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Wisconsin State Cranberry Growers Association / Thirty-eighth annual proceedings of the Wisconsin State Cranberry Growers' Association. Thirty-eighth convention, Pavilion, near Nekoosa, Wisconsin, August 12, 1924. Thirty-eighth annual meeting, Wisconsin Rapids, Wisconsin, January 13, 1925

Chaney, A. U.
Crop prospects,   pp. 16-18 PDF (718.9 KB)

Whittlesey, S. N.
To New York,   pp. 18-20 PDF (724.4 KB)

Page 18

asks us to do something that is inconvenient, just do it. You can't
have your cake and eat it too. You have to have inconvenience some-
times. We try to make it as convenient as possible. Sometimes
things are too easy, and we get lazy on the job. One inspector didn't
want his job because some criticised him because he gave them or-
ders they didn't like. We said "Don't blame the inspector, blame us."
We have to use our customers to the best of our ability. It pays
to please the customer, and it pays you to help us do it. This may
be the only time I will get a chance to talk to you as a whole group.
MR. WHrrTLESEy: About three-fourths of what we had last year.
We had 1600 barrels last year. They are very late; about two weeks.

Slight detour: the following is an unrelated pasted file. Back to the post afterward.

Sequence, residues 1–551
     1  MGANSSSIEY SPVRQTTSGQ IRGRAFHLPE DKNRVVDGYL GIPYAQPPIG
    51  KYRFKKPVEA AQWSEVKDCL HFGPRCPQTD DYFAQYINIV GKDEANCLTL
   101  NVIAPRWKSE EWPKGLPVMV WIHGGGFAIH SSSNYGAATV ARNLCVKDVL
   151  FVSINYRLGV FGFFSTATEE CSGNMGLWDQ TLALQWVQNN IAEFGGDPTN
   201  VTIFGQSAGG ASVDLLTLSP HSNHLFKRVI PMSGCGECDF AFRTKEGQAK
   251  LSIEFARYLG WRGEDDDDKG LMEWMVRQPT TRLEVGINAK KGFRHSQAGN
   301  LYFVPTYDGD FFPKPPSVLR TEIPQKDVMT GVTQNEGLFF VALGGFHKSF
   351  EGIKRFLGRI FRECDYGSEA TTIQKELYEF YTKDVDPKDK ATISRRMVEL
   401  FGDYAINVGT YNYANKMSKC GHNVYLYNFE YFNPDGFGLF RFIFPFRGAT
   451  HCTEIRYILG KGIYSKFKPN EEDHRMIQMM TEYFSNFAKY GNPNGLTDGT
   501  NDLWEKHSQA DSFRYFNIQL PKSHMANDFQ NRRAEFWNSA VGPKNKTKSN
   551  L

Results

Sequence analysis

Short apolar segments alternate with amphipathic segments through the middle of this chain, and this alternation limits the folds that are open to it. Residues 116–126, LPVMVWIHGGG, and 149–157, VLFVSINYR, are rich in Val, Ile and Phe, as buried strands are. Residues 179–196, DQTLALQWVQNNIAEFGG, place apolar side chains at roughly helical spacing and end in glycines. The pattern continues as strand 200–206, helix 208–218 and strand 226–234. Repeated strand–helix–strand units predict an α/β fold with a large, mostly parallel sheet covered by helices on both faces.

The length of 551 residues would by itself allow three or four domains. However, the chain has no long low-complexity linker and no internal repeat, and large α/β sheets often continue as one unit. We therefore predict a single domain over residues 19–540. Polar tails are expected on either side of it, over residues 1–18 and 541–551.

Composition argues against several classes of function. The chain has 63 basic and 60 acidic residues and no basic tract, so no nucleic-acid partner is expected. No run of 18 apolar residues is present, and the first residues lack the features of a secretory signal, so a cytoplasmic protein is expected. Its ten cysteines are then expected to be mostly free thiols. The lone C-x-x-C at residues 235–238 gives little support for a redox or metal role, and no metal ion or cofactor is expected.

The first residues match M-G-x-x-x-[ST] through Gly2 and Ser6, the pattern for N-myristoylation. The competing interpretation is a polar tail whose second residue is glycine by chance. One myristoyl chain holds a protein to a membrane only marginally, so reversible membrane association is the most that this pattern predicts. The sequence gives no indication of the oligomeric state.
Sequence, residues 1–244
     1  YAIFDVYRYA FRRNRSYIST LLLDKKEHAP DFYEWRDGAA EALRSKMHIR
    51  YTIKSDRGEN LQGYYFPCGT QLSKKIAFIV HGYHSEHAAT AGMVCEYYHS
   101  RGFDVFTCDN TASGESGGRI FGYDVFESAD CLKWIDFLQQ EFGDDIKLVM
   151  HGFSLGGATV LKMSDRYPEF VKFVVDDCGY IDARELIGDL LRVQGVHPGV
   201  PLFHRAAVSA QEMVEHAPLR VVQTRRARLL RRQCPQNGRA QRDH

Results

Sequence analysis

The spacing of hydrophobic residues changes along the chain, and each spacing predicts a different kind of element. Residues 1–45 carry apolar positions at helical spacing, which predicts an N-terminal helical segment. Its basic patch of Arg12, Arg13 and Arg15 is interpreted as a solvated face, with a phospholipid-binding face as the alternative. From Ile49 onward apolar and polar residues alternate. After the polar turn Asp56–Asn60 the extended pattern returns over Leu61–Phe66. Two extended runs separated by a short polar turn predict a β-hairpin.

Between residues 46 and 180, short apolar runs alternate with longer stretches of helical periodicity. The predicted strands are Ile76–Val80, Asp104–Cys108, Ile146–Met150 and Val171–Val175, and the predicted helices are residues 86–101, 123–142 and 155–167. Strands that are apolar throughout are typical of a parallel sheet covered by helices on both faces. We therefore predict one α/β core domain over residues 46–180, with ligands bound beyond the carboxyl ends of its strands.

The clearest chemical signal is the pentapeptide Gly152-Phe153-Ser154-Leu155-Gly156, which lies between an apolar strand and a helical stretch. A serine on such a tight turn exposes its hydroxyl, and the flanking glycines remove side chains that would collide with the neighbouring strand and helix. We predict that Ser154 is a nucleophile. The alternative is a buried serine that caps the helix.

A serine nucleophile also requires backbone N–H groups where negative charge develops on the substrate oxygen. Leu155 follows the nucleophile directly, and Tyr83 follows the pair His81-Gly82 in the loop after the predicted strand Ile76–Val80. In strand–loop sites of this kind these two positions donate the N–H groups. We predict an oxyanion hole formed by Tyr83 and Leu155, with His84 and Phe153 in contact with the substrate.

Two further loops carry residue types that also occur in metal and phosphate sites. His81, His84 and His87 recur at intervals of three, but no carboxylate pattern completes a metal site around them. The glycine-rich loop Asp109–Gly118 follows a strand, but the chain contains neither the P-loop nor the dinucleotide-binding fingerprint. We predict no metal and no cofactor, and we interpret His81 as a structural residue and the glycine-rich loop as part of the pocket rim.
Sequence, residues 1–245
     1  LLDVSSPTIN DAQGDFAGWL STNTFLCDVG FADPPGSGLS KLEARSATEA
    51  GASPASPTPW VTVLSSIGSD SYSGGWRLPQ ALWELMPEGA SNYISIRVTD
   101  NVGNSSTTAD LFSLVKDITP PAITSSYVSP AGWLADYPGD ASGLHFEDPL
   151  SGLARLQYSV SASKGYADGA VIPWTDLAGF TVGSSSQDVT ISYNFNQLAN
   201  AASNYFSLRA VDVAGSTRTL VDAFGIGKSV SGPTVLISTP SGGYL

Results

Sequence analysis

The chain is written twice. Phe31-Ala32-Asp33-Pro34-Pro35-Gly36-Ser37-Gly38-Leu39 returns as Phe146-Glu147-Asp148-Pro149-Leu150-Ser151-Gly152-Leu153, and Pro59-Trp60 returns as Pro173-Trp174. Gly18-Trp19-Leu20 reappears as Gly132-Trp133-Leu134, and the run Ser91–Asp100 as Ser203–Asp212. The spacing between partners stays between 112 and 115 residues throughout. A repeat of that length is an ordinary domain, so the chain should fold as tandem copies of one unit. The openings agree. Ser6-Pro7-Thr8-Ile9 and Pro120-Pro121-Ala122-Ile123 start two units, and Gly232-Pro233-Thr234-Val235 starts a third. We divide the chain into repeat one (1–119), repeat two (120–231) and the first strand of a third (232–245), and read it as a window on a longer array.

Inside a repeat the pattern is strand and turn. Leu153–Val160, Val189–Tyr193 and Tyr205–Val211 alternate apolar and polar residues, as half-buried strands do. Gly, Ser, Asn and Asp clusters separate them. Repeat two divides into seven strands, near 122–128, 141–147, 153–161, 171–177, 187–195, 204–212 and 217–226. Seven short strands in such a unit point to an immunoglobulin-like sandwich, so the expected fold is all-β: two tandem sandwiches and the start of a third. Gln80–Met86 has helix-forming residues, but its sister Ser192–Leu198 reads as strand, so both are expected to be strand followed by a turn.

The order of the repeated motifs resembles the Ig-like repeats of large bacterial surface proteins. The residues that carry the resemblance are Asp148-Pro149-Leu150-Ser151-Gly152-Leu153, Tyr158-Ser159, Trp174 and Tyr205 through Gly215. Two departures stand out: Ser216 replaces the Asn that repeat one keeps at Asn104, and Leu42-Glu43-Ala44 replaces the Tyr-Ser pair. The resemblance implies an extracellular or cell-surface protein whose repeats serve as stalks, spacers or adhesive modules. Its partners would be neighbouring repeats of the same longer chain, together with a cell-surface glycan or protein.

We will probably begin to pick about the middle of September.
MR. HEDLAR: Lots of little berries. There are a great many more
than last year, but very small.
PRES. LEWIS: We have quite a lot of berries, but don't know how
many it is going to take to fill the barrel. Next week will tell the
story. It seems to be universal that everybody's berries are late.
Has anyone berries that are about normal size?
Miss CASE: It seems to me that they are very nearly the same size
as they were last year at this time. Now they would count about 130
to the cup.
QUESTION: Did you use fertilizer?
Miss CASE: Yes, we used 3-10-4 fertilizer.
I had long wondered whether lightning or luck would ever strike
me and land me in the New York Exchange meeting. I suppose my
demented state may have been apparent, and that Charlie Lewis no-
ticed it and kindly brought about the realization of a fond dream.
I was present at the directors' meeting, but I read the secretary's
report afterwards to find out what was done. Anybody can do that
who is entitled to. The meeting place was in the Pennsylvania Hotel,
one of the largest and finest in the world.
The railway terminal station is in the basement of the hotel. There
Mr, Chaney met our party, (Mr. and Mrs. Bennett, Mrs. Whittlesey,
and I) and escorted us through vast passages, lobbies and lifts to
sumptuous rooms reserved for us up sixteen stories, a little more than
half way to the top of that immense building.
The business of this directors' meeting of the American Cranberry
Exchange consumed one whole day, with a banquet in the middle of
it, and complimentary tickets to the theater in the evening, where, by
some preconceived plot, we met the ladies, especially Mrs. A. U.
Chaney and Mrs. C. M. Chaney, who had early taken Mrs. Bennett

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